The network with the most unknowns at the moment is Versus. The long-awaited merger between NBC Universal and Comcast finally closed recently, so by the time the season ends, we might not even be calling the channel Versus anymore. As you might expect, that business deal is holding up some of the decisions in for both talent and production; for IndyCar broadcasts, only one of the booth commentators have been confirmed for 2011 (Jack Arute). Honestly, though I don’t envision any changes in the station’s Izod IndyCar Series coverage for 2011 since the fans that did watch were generally happy with the coverage.
However, if you saw the final race of the season from Homestead-Miami Speedway, there was an on-air breakdown. Arguing between Arute and Jon Beekhuis, technical issues and a lack of information conveyed to viewers resulted in a terrible broadcast. Hopefully, that does not continue into 2011.
Also, I have not heard anything about Versus continuing their coverage of modified races in 2011. Currently, the TV schedule available at NASCAR’s Home Tracks website is from 2010.
That is all for this week. In next week’s column, the actual factual critiquing begins. The Sprint Cup Series races in the 33rd running of the Budweiser Shootout Saturday night on FOX. The ARCA Racing Series presented by Menards (Re/Max appears to be out for 2011) will serve as the preliminary show once again, while qualifying for the Daytona 500 will be held on Sunday afternoon. Here’s your listings.
Thursday, February 10
Time Telecast Network
12:00 – 3:00 p.m. NASCAR Now Media Day Special ESPNEWS
7:00 – 8:30 p.m. NASCAR Media Day, 2011 Preview SPEED*
8:30 – 9:00 p.m. The 10 SPEED
Friday, February 11
Time Telecast Network
5:00 – 6:00 p.m. Sprint Cup Series Budweiser Shootout Practice SPEED
6:30 – 7:30 p.m. Sprint Cup Series Budweiser Shootout Happy Hour SPEED
7:30 – 8:30 p.m. The Day: Remembering Dale Earnhardt SPEED
8:30 – 10:00 p.m. Budweiser Shootout Selection Show SPEED
Saturday, February 12
Time Telecast Network
11:00 a.m. – 1:00 p.m. Sprint Cup Series Daytona 500 Practice #1 SPEED
2:00 – 4:00 p.m. Sprint Cup Series Daytona 500 Practice #2 SPEED
4:30 – 6:30 p.m. ARCA Racing Series presented by Menards Lucas Oil Slick Mist 200 SPEED
6:30 – 8:00 p.m. NASCAR RaceDay Built by The Home Depot SPEED
8:00 – 10:00 p.m. Sprint Cup Series Budweiser Shootout FOX
10:00 – 11:00 p.m. NASCAR Victory Lane Fueled by Sunoco SPEED^
Sunday, February 13
Time Telecast Network
11:00 a.m. – 12:00 p.m. NASCAR Now, Pre-Qualifying ESPN2
1:00 – 4:00 p.m. Sprint Cup Series Daytona 500 Qualifying FOX
7:00 – 8:00 p.m. SPEED Center SPEED
11:00 p.m. – 12:00 a.m. NASCAR Now, Post-Qualifying ESPN2
^- Unclear of actual start time. Will depend on when the Budweiser Shootout ends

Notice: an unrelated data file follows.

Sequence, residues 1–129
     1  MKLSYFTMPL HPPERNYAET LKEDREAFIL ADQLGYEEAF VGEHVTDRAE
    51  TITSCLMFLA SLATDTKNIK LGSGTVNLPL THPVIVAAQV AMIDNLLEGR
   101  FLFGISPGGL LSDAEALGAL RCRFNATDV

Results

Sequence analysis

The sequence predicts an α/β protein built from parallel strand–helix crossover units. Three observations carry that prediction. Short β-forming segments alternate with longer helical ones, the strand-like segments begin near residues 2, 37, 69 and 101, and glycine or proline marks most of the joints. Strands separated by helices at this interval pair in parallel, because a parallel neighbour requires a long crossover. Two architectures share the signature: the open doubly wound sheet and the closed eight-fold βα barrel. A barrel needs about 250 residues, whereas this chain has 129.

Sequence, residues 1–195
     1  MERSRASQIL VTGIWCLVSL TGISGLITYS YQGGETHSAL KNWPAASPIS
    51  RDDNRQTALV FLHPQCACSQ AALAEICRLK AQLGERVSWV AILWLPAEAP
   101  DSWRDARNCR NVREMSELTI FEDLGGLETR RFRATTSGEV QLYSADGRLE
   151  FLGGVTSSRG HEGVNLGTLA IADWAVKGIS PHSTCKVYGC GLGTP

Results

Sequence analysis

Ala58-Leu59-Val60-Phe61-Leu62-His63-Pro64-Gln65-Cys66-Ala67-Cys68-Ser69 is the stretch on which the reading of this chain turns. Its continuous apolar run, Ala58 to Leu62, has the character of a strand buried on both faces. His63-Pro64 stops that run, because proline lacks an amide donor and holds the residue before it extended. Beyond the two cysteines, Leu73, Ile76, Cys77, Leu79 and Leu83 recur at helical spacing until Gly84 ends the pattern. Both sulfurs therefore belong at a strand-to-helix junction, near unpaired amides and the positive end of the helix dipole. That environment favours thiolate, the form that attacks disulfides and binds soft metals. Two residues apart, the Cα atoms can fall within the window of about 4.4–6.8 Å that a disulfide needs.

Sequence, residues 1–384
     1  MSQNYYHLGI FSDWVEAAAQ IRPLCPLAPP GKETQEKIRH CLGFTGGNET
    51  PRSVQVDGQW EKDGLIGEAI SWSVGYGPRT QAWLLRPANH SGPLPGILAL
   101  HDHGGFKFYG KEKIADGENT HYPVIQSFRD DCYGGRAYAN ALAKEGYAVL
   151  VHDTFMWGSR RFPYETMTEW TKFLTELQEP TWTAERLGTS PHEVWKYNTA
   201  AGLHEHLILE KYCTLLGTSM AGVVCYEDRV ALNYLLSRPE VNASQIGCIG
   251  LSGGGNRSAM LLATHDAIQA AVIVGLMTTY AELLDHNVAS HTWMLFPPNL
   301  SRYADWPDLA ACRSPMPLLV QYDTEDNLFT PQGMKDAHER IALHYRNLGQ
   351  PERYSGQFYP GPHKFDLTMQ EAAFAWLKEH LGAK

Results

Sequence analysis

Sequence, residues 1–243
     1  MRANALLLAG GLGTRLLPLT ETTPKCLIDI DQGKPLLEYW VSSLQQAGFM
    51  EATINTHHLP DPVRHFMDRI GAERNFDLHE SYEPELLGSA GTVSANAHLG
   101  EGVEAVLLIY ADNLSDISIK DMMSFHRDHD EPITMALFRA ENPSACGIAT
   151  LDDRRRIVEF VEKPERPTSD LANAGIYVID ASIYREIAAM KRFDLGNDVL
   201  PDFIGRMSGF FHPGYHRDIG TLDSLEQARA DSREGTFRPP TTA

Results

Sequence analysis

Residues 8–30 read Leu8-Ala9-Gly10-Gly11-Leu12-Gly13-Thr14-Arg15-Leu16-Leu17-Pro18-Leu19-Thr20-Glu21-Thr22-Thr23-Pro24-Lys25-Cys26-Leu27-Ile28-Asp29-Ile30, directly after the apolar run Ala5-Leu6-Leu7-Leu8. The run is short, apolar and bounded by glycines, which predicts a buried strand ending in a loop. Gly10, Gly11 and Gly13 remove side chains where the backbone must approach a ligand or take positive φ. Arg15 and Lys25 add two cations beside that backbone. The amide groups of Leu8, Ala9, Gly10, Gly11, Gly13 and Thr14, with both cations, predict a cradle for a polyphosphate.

Couple of quick notes. The 10 is a new series that will premiere on Thursday night. It is more or less a countdown show that evolved out of the 10th anniversary features on FOX’s coverage from last year. Friday’s show will cover the Top 10 NASCAR moments at Daytona. Also, The Day: Remembering Dale Earnhardt is a show that retraces the events of Feb. 18, 2001, the day that Dale Earnhardt died. Should be interesting.
Later this week, the first edition of The Critic’s Annex for 2011 in the Frontstretch Newsletter will cover the NASCAR Toyota All-Star Showdown (Saturday night coverage only) from Jan. 29. Why this week and not last? Because I was in Daytona covering the Rolex 24 at Daytona for Frontstretch. They had the race on one lone TV in the Deadline Room there, on the other side of the room from my territory in the German-speaking protectorate. Also, I was too busy tweeting updates on the race and making garage runs to give it its proper due at the time.
For next week, the main critique will have Sprint Cup and ARCA races. In addition, there will also be thoughts and musings on FOX’s qualifying coverage, SPEED’s practice coverage and the combined ESPNEWS/SPEED coverage of Media Day.
If you have a gripe with me or just want to say something about my critique, feel free to post in the comments below, or contact me through the email address provided on the website in my bio. Also, if you would like to follow me via Twitter, you can go to my Twitter page here. And if you would like to contact the SPEED or ESPN channels personally with an issue regarding their TV coverage, please click on the following link:
As always, if you choose to contact the network by email, do so in a courteous manner. Network representatives are far more likely to respond to emails that ask questions politely rather than emails full of rants and vitriol.
About the author
Phil Allaway has three primary roles at Frontstretch. He's the manager of the site's FREE e-mail newsletter that publishes Monday-Friday and occasionally on weekends. He keeps TV broadcasters honest with weekly editions of Couch Potato Tuesday and serves as the site's Sports Car racing editor.
Outside of Frontstretch, Phil is the press officer for Lebanon Valley Speedway in West Lebanon, N.Y. He covers all the action on the high-banked dirt track from regular DIRTcar Modified racing to occasional visits from touring series such as the Super DIRTcar Series.